Monday, 13 October 2008

LtF Chapter 3: The holistic model

Freakishly quiet on the bus this morning. This was a good thing as the glorious weekend weather saw me do none of the reading I needed to for today. I did get to try out my new garden waste incinerator which I can heartily recommend. Moving swiftly on to the text...

The chapter looks to build a model that can then be modified to fit other situations. The model described is focused on learning throughout the progression from business objectives to results. Previously captured Knowledge is applied during the doing phase and renewed through and after it.

This seems fairly self evident to me but encouraging people to think in this way would be constructive. Research before actually launching into something is easily missed. Lessons learnt afterwards are far from regularly captured and shared. The how will be interesting. Perhaps a format for structured reflection that is then searchable and shared? I agree that success stories can lead to a positive cycle of sharing.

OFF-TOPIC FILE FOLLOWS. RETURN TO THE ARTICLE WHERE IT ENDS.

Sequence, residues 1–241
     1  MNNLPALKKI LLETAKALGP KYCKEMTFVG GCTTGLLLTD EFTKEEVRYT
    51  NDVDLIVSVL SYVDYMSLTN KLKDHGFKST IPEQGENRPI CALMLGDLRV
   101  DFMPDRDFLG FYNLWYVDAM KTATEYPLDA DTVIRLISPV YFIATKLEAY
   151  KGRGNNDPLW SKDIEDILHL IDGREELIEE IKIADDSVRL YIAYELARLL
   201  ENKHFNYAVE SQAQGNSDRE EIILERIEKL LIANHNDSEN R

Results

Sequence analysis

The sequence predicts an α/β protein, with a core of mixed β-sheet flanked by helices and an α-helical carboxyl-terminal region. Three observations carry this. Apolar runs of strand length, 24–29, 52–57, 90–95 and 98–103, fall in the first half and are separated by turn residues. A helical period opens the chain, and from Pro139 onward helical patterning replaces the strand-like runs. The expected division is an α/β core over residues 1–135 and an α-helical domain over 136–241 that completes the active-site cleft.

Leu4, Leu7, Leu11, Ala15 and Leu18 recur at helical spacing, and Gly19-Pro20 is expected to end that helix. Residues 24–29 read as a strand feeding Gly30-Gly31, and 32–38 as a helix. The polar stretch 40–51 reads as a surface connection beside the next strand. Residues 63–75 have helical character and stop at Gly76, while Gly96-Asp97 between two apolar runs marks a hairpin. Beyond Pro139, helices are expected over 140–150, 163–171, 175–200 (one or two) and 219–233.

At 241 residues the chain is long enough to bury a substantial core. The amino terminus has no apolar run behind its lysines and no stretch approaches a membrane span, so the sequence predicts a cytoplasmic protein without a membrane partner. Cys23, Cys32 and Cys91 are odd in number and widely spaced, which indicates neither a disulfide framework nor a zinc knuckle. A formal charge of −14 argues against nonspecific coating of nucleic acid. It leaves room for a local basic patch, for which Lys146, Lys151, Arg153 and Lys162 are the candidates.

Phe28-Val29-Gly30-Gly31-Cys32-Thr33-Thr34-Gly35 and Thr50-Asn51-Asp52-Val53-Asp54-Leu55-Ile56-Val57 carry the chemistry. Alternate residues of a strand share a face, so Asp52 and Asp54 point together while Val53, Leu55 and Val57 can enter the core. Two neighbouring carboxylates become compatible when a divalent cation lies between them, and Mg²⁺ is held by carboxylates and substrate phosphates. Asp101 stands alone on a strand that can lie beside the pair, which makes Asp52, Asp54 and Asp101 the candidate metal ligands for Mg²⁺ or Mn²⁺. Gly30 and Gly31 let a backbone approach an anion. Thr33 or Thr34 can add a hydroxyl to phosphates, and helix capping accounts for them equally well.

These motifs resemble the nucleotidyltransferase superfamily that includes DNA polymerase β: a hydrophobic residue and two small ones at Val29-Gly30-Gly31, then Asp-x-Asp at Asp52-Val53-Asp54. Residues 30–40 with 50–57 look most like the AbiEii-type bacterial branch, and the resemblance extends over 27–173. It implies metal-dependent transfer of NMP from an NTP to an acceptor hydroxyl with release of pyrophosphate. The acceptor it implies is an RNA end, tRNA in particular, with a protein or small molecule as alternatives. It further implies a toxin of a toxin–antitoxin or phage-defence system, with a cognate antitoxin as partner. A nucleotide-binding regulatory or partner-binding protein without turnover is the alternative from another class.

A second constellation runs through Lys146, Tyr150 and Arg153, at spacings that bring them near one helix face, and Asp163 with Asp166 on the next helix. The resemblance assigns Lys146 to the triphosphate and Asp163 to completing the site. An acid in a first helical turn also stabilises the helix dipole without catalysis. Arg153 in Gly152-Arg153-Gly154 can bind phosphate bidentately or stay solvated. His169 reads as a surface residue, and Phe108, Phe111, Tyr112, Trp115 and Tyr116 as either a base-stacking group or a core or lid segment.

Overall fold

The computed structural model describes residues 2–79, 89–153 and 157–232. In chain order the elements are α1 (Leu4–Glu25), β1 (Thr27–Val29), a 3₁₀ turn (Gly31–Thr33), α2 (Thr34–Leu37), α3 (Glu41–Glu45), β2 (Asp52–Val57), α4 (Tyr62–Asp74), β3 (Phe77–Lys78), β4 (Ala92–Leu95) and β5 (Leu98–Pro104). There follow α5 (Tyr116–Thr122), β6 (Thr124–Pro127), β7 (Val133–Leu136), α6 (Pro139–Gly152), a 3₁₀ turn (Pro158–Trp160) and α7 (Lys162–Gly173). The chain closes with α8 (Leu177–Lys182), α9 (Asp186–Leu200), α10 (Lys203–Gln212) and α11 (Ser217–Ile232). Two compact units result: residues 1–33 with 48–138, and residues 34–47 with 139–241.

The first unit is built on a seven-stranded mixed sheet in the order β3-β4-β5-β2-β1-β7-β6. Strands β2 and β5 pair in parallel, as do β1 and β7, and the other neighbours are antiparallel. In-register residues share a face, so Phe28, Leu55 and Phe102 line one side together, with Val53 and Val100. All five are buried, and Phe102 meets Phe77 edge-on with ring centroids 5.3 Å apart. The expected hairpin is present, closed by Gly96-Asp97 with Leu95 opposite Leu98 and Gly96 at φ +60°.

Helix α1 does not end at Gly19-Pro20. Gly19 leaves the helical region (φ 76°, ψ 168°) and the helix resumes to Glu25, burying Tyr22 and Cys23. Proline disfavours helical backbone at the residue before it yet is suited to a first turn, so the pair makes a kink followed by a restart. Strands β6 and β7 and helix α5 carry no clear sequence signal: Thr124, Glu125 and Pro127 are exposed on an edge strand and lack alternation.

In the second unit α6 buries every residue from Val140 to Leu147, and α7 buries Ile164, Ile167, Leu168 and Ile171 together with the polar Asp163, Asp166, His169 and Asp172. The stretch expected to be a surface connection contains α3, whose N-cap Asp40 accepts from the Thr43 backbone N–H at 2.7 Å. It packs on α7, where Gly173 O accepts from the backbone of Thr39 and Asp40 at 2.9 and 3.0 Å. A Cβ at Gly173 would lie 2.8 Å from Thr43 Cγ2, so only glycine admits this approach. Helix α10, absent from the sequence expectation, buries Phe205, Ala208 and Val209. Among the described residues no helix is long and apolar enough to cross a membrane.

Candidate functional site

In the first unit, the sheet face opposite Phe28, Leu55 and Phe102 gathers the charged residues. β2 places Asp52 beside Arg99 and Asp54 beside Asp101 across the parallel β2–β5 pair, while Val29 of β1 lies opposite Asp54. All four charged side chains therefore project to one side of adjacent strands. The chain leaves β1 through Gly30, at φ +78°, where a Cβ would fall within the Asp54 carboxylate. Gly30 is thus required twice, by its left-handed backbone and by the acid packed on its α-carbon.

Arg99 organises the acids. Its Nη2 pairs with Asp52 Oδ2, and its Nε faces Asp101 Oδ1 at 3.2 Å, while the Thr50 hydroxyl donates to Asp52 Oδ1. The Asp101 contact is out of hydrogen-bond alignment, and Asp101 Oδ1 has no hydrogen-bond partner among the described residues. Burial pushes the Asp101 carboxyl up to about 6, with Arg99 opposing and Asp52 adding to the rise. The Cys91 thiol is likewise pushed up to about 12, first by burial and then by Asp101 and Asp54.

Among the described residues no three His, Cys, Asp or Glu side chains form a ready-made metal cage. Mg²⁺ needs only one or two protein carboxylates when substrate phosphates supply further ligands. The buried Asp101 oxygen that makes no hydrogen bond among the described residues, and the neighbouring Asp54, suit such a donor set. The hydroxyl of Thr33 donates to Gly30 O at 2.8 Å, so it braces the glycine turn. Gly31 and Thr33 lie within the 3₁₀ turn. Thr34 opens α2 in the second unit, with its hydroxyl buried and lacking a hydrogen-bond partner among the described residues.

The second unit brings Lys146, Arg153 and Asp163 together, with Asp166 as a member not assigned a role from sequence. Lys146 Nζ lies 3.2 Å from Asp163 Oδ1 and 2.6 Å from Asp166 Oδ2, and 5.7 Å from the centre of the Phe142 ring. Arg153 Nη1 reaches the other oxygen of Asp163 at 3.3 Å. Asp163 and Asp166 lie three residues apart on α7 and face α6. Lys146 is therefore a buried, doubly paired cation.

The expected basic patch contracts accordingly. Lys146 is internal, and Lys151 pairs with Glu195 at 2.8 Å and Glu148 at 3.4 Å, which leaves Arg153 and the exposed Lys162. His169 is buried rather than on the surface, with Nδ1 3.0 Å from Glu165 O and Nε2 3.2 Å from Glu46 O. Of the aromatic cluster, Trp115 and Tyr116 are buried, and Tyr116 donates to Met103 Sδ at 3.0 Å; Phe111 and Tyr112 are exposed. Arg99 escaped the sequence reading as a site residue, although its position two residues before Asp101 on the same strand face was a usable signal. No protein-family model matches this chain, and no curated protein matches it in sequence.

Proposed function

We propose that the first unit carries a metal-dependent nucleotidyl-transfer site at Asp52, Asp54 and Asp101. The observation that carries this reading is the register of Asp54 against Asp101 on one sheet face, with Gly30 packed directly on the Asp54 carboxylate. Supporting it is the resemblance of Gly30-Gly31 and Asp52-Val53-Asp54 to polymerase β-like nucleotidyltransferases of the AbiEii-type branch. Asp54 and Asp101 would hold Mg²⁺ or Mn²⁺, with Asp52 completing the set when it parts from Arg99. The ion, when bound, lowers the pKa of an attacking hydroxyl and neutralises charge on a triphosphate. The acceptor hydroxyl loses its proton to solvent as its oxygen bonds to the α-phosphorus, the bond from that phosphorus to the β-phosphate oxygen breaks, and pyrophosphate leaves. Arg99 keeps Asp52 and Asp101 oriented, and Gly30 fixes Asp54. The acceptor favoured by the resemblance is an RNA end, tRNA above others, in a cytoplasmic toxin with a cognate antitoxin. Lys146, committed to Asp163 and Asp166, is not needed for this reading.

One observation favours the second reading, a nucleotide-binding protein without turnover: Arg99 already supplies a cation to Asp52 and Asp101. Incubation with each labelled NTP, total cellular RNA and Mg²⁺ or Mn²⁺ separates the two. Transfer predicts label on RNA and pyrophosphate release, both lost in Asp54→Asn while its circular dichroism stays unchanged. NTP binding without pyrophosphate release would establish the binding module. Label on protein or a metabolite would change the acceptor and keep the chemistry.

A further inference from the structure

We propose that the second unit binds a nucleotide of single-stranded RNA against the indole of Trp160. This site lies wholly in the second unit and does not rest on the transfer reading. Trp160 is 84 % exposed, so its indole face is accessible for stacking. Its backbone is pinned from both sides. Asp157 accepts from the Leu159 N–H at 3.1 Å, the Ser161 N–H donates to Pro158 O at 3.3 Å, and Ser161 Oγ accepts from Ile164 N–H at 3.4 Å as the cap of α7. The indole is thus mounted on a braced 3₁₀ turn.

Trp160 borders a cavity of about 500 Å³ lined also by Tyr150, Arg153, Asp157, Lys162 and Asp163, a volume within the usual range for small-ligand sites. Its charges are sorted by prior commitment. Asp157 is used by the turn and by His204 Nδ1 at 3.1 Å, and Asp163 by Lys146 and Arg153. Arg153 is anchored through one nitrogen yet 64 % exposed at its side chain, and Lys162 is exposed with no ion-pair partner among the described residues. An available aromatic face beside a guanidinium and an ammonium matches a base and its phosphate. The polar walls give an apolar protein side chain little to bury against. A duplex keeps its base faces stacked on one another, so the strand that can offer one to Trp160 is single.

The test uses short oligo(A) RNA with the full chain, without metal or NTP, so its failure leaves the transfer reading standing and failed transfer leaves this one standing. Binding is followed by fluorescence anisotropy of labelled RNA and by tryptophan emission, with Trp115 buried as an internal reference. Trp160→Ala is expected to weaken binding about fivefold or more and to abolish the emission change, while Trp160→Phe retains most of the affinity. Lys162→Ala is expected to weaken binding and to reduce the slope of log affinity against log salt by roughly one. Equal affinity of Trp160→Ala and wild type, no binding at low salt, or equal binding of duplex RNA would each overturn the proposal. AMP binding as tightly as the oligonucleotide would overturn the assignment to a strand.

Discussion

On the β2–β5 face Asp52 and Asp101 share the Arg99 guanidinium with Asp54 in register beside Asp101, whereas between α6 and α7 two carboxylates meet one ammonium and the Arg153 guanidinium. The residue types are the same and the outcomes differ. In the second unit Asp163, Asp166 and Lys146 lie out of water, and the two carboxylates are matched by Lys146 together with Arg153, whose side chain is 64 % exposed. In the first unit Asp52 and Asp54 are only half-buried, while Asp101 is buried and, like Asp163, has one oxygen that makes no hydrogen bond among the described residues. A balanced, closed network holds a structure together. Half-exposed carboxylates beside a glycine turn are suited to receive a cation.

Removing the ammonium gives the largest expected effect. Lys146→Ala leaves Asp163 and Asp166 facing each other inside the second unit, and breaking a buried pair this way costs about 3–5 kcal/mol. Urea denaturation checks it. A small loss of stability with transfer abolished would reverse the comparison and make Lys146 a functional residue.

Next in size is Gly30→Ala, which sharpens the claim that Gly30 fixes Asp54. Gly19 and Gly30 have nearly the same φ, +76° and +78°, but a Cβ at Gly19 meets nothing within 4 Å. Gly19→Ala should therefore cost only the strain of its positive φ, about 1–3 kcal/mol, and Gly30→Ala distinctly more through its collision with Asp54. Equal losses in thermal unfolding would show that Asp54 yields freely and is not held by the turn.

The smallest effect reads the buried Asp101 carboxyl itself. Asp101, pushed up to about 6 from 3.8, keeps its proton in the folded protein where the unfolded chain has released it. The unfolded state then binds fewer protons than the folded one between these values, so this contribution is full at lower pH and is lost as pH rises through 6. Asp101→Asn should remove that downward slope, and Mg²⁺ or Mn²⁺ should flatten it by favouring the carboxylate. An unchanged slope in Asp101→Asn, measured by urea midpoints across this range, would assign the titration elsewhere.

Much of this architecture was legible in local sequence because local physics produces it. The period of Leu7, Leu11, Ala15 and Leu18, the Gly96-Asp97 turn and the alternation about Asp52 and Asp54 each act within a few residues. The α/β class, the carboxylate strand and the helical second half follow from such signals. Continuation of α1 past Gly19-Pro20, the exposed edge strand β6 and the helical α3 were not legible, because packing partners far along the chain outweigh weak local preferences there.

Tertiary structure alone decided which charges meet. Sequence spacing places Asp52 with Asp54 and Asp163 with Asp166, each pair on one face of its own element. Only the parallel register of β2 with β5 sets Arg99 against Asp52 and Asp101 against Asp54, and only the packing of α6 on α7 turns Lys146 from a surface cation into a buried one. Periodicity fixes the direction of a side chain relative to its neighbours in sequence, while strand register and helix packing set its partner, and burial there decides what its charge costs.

I think the key would be how you sustain these behaviours. I can see lots of opportunity for good intentions and interesting projects that then falter in the face of other pressures. Staff turnover would also be an issue leaving behind orphaned "knowledge assets" and an induction burden.

A closing quote "When we define where we want to be, all our actions turn out to be congruent with that place" reminds me of Irrationality by Stuart Sutherland. Well worth a read (if rather repetitious) Sutherland would rephrase this as "When we define where we want to be, we tend to ignore the evidence that does not fit with our view".

This chapter still often points ahead rather than including much detail. At least the points to skip ahead to are clear but I am left wanting more.

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